Outlook for 2012: Valuations for both growth and value appear attractive. When you compare the Price to Earnings ratios of each category, growth stocks may still be priced more favorably. We recommend a diversified approach to investing with exposure to both growth and value companies.
Source: JPM Asset Management, January 3, 2011.
Chapter 6: US Conquers the World
For many of us, the returns of US stocks weren’t the whole story. International allocations are increasing portions of investment portfolios. This isn’t a fluke. International companies represent an increasing market cap of the world’s stock relative to the states. Over the last 10 years, international investments almost doubled the returns of US investments (33.4% for the S&P 500 vs. 64.8% for the MSCI EAFE per JP Morgan Asset Management). Blame for foreign investment woes were most strongly linked to a European debt debacle, Japan’s earthquake natural disaster, and concerns of slowing growth in China.
Outlook for 2012: The world’s challenges are hard to ignore, especially in Europe. Austerity is a big hurdle for economies to overcome. Companies have been beat up along with their governments and we believe that longer term there may be compelling opportunities around the world. The role of international investments in a diversified portfolio remains relevant today in our mind in spite of disappointing recent returns.
In spite of its Cliff’s Notes brevity, this look back helps us to mark our place as we begin to write the book on 2012.
Do you have questions about today’s investment landscape? Don’t hesitate to e-mail me at Melissa.Joy@CenterFinPlan.com or follow me on twitter @MelissaCenterFP for more of my thoughts on investments in the coming year.
Inclusion of these indexes is for illustrative purposes only. Keep in mind that individuals cannot invest directly in any index, and index performance does not include transaction costs or other fees, which will affect actual investment performance. Individual investor’s results will vary. Past performance does not guarantee future results. The S & P 500 is an unmanaged index of 500 widely held stocks that is generally considered representative of the U.S. stock market. The Barclay’s Capital Aggregate Index measures changes in the fixed-rate debt issues rated investment grade or higher by Moody’s Investors Services, Standard & Poor’s, or Fitch Investors Service, in that order. The Aggregate Index is comprised of the Government/Corporate, the Mortgage-Backed Securities and the Asset-Backed Securities indices. The Russel 2000 index is an unmanaged index of small cap securities which generally involve greater risks. The Dow Jones Industrial Average (DJIA), commonly known as “The Dow”, is any index representing 30 stocks of companies maintained and reviewed by the editors of the Wall Street Journal. Russell 1000: Measures the performance of the 1,000 largest companies in the Russell 3000 Index. MCSI EAFE (Europe, Australia, Far East): A free-float adjusted market capitalization index that is designed to measure developed market equity performance, excluding the United States and Canada. The EAFE consists of the country indices of 21 developed nations.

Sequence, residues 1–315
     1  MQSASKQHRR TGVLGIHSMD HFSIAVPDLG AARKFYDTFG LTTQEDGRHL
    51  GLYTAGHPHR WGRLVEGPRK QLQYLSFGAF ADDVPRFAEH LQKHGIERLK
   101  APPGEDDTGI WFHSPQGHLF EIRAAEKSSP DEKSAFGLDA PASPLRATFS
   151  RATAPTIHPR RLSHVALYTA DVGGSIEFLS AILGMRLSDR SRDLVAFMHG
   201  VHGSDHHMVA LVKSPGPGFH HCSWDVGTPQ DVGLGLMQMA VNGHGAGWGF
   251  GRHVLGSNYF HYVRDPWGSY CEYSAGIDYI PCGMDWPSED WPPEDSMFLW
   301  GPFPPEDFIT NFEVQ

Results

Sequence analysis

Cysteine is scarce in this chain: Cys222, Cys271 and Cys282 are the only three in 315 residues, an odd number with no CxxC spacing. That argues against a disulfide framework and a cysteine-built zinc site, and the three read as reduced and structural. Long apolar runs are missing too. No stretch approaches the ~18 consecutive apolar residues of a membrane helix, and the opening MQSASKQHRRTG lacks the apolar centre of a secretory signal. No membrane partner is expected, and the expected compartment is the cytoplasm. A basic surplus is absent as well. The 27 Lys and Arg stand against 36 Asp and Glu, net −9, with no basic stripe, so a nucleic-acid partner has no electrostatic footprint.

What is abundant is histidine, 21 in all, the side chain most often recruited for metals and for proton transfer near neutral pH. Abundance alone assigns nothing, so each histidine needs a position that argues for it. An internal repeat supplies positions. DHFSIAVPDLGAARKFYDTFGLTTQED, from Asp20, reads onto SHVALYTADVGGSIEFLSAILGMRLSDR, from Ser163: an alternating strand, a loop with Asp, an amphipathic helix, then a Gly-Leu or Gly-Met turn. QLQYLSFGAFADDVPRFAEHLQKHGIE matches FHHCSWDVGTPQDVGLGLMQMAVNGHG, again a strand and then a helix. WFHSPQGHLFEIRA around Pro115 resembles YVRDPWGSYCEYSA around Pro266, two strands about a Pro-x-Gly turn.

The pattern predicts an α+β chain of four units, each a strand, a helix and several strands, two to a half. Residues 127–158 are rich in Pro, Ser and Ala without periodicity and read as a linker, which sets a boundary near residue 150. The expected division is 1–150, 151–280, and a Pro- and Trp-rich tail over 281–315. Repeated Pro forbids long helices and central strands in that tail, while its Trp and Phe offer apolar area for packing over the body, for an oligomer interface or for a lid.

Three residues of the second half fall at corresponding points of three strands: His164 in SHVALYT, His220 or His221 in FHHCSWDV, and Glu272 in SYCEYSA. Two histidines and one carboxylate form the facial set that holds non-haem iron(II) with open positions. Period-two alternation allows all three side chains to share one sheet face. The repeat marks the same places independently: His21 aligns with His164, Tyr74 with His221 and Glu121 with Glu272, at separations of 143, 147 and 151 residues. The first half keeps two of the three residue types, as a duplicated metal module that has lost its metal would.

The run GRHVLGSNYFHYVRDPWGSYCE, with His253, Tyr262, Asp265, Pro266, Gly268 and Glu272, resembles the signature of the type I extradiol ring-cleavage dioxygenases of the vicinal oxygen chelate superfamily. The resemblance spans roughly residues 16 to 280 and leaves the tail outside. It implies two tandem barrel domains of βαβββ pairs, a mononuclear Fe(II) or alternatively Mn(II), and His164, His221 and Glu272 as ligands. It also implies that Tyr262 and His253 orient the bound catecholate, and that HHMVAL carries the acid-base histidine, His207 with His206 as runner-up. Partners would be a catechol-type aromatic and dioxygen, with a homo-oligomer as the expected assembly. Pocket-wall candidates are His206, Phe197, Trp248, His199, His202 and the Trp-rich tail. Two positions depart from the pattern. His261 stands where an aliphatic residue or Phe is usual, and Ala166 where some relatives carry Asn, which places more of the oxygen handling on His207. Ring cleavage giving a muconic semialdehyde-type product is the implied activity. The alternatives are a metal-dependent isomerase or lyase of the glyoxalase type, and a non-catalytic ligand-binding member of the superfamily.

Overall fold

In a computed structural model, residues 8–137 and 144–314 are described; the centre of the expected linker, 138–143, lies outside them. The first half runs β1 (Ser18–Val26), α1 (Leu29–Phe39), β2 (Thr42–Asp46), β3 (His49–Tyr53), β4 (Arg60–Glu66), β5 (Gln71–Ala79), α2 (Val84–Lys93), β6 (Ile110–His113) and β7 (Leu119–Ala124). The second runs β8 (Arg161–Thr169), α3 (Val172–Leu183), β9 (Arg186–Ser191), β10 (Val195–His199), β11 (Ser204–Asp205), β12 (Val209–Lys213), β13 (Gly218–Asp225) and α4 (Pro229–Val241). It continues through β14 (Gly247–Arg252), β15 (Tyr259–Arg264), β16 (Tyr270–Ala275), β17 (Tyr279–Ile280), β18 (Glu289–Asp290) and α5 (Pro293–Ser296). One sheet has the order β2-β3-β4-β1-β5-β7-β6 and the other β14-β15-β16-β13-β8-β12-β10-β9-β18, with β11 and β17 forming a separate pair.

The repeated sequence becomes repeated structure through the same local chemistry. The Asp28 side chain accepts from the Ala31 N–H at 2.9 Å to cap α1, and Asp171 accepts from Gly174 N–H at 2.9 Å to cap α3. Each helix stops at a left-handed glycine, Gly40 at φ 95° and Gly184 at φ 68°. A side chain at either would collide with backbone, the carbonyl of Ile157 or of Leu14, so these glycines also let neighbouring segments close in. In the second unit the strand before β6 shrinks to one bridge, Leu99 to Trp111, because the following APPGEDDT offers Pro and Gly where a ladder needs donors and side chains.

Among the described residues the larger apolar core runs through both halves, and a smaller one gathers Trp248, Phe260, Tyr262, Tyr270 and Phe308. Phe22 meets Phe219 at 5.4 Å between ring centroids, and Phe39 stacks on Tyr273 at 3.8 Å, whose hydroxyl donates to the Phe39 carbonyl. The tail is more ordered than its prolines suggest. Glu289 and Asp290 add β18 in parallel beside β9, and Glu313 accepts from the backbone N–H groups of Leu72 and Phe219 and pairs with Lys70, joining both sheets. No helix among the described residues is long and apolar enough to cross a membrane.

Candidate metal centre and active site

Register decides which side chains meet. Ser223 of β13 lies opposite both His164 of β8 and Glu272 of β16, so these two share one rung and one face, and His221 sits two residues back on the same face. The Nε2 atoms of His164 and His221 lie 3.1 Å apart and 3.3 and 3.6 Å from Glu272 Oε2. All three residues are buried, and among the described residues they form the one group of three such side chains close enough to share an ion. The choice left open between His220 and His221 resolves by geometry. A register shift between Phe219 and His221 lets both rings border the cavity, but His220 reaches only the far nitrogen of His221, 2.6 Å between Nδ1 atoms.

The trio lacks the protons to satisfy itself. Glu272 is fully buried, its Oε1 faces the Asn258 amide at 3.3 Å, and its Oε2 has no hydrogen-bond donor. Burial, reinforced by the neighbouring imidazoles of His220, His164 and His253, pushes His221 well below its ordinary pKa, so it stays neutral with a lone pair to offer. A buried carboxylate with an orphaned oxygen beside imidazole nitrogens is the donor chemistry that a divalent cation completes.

The information contained in this report does not purport to be a complete description of the securities, markets, or developments referred to in this material. The information has been obtained from sources considered to be reliable, but we do not guarantee that the foregoing material is accurate or complete. Any information is not a complete summary or statement of all available data necessary for making an investment decision and does not constitute a recommendation. Any opinions are those of Center for Financial Planning, Inc., and not necessarily those of RJFS or Raymond James. Diversification does not assure a profit or protect against loss. Investments related to a specific sector, where companies engage in business related to a particular industry, are subject to fierce competition, the possibility of products and services being subject to rapid obsolescence, and limited diversification. Investing in emerging markets can be riskier than investing in well-established foreign markets. Investing involves risk and investors may incur a profit or a loss, including the loss of all principal.